A Reform-Driven System

Via this ambitious strand of work, we seek to deepen and strengthen the K–12 system’s capacity to deliver quality education to every child, based on rigorous standards and ample choices, by ensuring that it possesses the requisite talent, technology, policies, practices, structures, and nimble governance arrangements to promote efficiency as well as effectiveness.

The sudden departure of Joshua Starr, superintendent of Montgomery County Public Schools, caught many by surprise—including Starr. That’s a depressing sign of a dysfunctional school board, one whose members failed to signal serious concerns with their superintendent, even as recently as last fall’s school board elections.

If the board has any hope of recruiting a talented new leader for MCPS, among the largest districts in the country with more than 153,000 students, it needs to be crystal-clear about the direction it wants the system to take. As an MCPS parent and incorrigible education reformer, let me offer a few suggestions.

First, MCPS needs to recommit to its core mission: dramatically raising student achievement. As Starr’s struggles with the board burst into public view, he made a last-ditch effort to convince its members, and MCPS’s many ardent constituents, of his commitment to narrowing the achievement gaps between poor and minority students and white and Asian students. I don’t doubt his sincerity. But the achievement gap is measured primarily by test scores, and Starr made his name by speaking out against tests. At the least, he sent a mixed message about his commitment to academic achievement.

It’s not entirely fair to blame him for that. Starr was hired in part because he represented a change in style...

Peter Sipe

I’ve always liked Fridays as much as the next guy, but this year I especially like them: Every Friday, my students and I read an obituary together. If that sounds morbid, let me tell you what I tell the kids: An obituary is the story of a life; death is just the detail that gets it printed.

How do I select the weekly life story we read? I don’t. I have other people do it for me. I’ve been asking folks around town—elected officials, businesspeople, civic leaders, colleagues, and friends—this question: If you could pick one person from the past whom you wish kids would learn about in school, who would it be?

With their introductions, we’ve made the acquaintance of Phyllis Jen, a beloved family doctor, Ruth Batson, a civil rights activist who helped desegregate our schools, and Tom White, a businessman who gave away his riches to the poor. In upcoming weeks, we’ll be reading about a firefighter, a judge, and a rowing coach. And I’ve got lots more in my pile, all marvelously interesting—and inspiring. It’s embarrassing to admit that I’d never heard of most of these people before, but I’m glad to have finally met them. And I’m very pleased to introduce them to my students.

For a teacher, obituaries are useful classroom texts. They offer short history lessons, excellent vocabulary (for example, “ephemeral” and “posterity”), and align well with the new Common Core standards. But the greatest value of the obituaries we read is this:...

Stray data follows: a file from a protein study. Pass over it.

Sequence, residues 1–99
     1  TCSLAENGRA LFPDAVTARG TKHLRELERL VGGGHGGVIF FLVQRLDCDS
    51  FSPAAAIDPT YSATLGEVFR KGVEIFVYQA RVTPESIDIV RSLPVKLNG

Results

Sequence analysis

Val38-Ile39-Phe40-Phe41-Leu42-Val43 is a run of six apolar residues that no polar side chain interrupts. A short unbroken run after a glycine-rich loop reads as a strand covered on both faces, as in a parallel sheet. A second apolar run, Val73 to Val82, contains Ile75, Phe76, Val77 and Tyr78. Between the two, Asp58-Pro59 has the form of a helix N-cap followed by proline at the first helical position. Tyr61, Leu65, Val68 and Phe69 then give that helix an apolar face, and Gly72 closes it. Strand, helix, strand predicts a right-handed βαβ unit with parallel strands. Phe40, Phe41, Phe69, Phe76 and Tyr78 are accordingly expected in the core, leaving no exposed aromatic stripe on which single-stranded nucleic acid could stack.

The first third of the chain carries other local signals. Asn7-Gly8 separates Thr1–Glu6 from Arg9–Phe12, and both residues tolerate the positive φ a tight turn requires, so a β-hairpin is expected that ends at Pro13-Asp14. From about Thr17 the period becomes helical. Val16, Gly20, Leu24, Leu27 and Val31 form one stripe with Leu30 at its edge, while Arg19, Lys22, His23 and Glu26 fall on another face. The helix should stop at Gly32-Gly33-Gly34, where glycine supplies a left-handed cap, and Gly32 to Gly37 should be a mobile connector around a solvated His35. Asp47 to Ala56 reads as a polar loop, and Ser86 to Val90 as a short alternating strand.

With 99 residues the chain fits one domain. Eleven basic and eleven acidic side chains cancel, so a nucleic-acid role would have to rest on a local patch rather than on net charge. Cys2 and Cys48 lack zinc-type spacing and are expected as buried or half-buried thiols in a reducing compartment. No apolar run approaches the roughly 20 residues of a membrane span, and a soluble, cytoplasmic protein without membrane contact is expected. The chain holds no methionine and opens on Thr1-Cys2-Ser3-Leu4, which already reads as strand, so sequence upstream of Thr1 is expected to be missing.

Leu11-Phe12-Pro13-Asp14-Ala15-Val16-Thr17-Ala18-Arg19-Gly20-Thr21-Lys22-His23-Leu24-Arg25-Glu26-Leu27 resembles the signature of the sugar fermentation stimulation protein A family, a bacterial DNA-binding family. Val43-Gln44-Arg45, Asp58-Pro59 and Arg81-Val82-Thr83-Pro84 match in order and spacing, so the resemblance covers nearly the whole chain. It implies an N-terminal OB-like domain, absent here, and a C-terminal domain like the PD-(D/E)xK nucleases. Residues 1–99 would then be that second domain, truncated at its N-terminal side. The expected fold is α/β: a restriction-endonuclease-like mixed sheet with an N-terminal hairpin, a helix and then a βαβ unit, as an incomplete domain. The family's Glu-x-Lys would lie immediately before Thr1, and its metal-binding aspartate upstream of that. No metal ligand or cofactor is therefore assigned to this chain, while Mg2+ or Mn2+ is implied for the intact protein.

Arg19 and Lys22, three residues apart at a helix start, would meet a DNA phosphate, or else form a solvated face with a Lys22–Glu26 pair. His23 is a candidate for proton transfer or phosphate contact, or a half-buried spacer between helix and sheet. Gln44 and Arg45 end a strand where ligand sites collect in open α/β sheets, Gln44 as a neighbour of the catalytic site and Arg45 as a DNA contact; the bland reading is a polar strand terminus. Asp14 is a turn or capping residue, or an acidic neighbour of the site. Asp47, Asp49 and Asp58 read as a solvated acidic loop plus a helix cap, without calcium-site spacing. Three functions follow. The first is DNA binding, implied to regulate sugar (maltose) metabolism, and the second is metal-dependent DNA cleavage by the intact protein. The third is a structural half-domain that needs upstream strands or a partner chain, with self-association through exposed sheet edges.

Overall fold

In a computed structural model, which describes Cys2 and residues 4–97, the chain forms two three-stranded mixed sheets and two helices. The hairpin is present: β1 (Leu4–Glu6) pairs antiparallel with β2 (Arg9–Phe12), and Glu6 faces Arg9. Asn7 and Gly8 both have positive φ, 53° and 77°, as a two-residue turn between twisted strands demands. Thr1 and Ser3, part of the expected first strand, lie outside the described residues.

Regular followers of Fordham know that, over the past few years, I’ve been thinking and writing a lot about “education for upward mobility,” starting with a series of posts on Deborah Meier’s Bridging Differences blog and culminating in last December’s conference on the subject. Now I’ve got a new essay in Education Next, “How Can Schools Address America’s Marriage Crisis?,” which touches on many of the issues that I’m afraid education reformers have tended (or opted) to overlook.

A consistent theme throughout this work is that we’re too myopically focused on college (and generally on the traditional four-year college degree) as the only route to upward mobility for America’s poor children. I’m ready to concede that it is a pretty darn good pathway, at least for students who actually complete a postsecondary credential. And many of you have helped me to understand that colleges don’t simply “bestow a credential on those most likely to succeed,” as I argued a week ago. There’s some pretty compelling evidence that the college experience itself adds real value, which partly explains the stronger life outcomes for graduates.

What I’m not ready to concede is the larger point: Our focus on college is still too narrow because it overlooks other critically important steps on the ladder to the middle class.

As I explain in Education Next, a more holistic approach would also take seriously what Isabel Sawhill and Ron Haskins of the Brookings Institution call the...

Joshua Dunn

In “Collective Panic,” Martha Derthick and I argued that teachers’ unions dodged a major blow in Harris v. Quinn (2014) but that they should hold off on popping the champagne.

The court’s decision in Quinn indicated that a prized precedent, Abood v. Detroit Board of Education (1977), might soon be overturned. Under Abood, public sector unions could collect “agency fees” from nonmembers, but those funds could not be used for ideological or political purposes. The logic of Abood was that unless public sector unions could collect those funds by compulsion, nonmembers would “free ride” on the collective bargaining efforts of the unions.